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Other titles in the Ad Feminam: Women and Literature series:
The Woman and the Lyre: Women Writers in Classical Greece and Rome (Ad Feminam: Women and Literature)
Synopses & Reviews
"Faint though the voices of the women of Greek and Roman antiquity may be in some cases, their sound, if we listen carefully enough, can fill many of the gaps and silences of women’s past."—from the Conclusion
Beginning with Sappho in the seventh century B.C. and ending with Hypatia and Egeria in the fifth century A.D., Jane McIntosh Snyder listens carefully to the major women writers of classical Greece and Rome, piecing together the surviving fragments of their works into a coherent analysis that places them in their literary, historical, and intellectual contexts.
While relying heavily on modern classical scholarship, Snyder refutes some of the arguments that implicitly deny the power of women’s written words—the idea that women’s experience is narrow or trivial and therefore automatically inferior as subject matter for literature, the notion that intensity in a woman is a sign of neurotic imbalance, and the assumption that women’s work should be judged according to some externally imposed standard.
The author studies the available fragments of Sappho, ranging from poems on mythological themes to traditional wedding songs and love poems, and demonstrates her considerable influence on Western thought and literature.
An overview of all of the authors Snyder discusses shows that ancient women writers focused on such things as emotions, lovers, friendship, folk motifs, various aspects of daily living, children, and pets, in distinct contrast to their male contemporaries’ concern with wars and politics.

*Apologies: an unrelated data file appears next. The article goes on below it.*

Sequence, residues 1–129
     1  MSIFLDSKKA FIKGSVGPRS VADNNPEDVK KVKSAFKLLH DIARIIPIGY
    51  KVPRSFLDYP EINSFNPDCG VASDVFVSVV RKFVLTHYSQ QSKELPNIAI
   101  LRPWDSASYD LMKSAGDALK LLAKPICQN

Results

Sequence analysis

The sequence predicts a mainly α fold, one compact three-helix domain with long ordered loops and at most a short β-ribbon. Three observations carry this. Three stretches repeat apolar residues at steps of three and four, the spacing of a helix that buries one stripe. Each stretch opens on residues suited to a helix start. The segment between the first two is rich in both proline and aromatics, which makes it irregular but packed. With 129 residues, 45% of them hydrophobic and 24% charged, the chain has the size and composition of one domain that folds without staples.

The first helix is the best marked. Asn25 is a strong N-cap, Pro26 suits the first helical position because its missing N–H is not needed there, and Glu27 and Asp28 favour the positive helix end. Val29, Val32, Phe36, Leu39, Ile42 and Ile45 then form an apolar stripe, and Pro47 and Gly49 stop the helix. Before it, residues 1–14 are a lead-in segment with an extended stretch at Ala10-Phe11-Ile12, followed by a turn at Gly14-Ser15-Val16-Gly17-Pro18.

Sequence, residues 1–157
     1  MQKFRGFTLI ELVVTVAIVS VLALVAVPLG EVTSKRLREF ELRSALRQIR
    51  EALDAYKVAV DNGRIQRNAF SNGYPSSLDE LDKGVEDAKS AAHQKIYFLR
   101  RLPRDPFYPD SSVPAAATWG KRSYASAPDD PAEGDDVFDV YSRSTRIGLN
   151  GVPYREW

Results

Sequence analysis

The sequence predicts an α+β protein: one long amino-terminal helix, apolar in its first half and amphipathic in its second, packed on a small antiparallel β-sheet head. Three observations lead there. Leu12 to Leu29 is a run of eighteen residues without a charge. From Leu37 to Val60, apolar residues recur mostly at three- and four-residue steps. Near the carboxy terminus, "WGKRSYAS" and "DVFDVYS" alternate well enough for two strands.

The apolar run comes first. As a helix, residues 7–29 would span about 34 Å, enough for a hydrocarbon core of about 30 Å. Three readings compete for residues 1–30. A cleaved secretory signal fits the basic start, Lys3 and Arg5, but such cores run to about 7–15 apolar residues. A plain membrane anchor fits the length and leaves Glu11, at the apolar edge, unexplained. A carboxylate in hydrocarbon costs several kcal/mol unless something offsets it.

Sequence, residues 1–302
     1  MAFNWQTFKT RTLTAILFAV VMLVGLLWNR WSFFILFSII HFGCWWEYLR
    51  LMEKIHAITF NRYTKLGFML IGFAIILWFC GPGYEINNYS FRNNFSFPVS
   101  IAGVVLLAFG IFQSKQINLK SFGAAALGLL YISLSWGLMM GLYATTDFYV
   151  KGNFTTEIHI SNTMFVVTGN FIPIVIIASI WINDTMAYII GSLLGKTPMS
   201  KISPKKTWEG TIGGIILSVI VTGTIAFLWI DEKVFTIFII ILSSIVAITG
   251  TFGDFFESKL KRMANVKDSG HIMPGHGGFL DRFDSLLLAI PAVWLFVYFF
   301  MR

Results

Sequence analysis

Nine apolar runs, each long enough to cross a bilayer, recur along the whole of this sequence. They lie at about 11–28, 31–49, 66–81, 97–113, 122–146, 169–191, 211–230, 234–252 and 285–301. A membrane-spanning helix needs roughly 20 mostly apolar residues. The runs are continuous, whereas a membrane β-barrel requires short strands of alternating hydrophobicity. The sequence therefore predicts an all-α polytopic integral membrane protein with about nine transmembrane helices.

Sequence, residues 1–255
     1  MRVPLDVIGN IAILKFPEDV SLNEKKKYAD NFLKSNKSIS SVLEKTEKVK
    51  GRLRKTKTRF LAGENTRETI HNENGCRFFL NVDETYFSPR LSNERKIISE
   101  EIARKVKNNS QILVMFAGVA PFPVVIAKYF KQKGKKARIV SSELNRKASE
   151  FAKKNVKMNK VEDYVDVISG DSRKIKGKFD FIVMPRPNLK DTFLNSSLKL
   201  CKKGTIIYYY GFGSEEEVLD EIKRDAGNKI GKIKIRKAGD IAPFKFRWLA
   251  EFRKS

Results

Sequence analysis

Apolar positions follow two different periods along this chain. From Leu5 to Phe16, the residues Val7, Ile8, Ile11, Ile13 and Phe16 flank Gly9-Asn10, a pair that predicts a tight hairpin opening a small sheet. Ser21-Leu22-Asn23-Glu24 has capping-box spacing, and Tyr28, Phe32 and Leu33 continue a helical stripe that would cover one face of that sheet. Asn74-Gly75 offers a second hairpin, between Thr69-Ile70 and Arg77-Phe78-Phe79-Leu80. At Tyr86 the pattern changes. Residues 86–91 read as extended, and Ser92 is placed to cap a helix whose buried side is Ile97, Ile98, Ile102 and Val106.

Straightforwardness and simplicity are common characteristics of the writers Snyder examines. These women did not display allusion, indirection, punning and elaborate rhetorical figures to the extent that many male writers of the ancient world did.
Working with the sparse records available, Snyder strives to place these female writers in their proper place in our heritage.
Book News Annotation:
A well-annotated bibliography offering descriptions and assessments of over 1,600 works written 1641-1700. Writings by women include religious and literary works, petitions, journals and diaries, commentaries on women's social position and domestic role, and philosophical treatises. Works for and about women discuss such topics as medicine, sexuality, domestic and religious duties. A survey of women writers in antiquity from Sappho (7th century B.C.) to Egeria (5th century A.D.). Other writers are 5th-century Greek poets Myrtis, Korinna, Praxilla, and Telesilla; Hellenistic poets Anyte, Nossis, Moero, and Erinna; Hellenistic and Roman philosophers Leontion, Hipparchia the Cynic, Theano, Myia, and Hypatia; and Roman writers Hortensia, Cornelia, Agrippina the Younger, Sulpicia, and Proba.
Annotation c. Book News, Inc., Portland, OR (booknews.com)
About the Author
Jane McIntosh Snyder, professor of classics at The Ohio State University, is the author of Puns and Poetry in Lucretius’ "De Rerum Natura" and (with Martha Maas) of Stringed Instruments of Ancient Greece.
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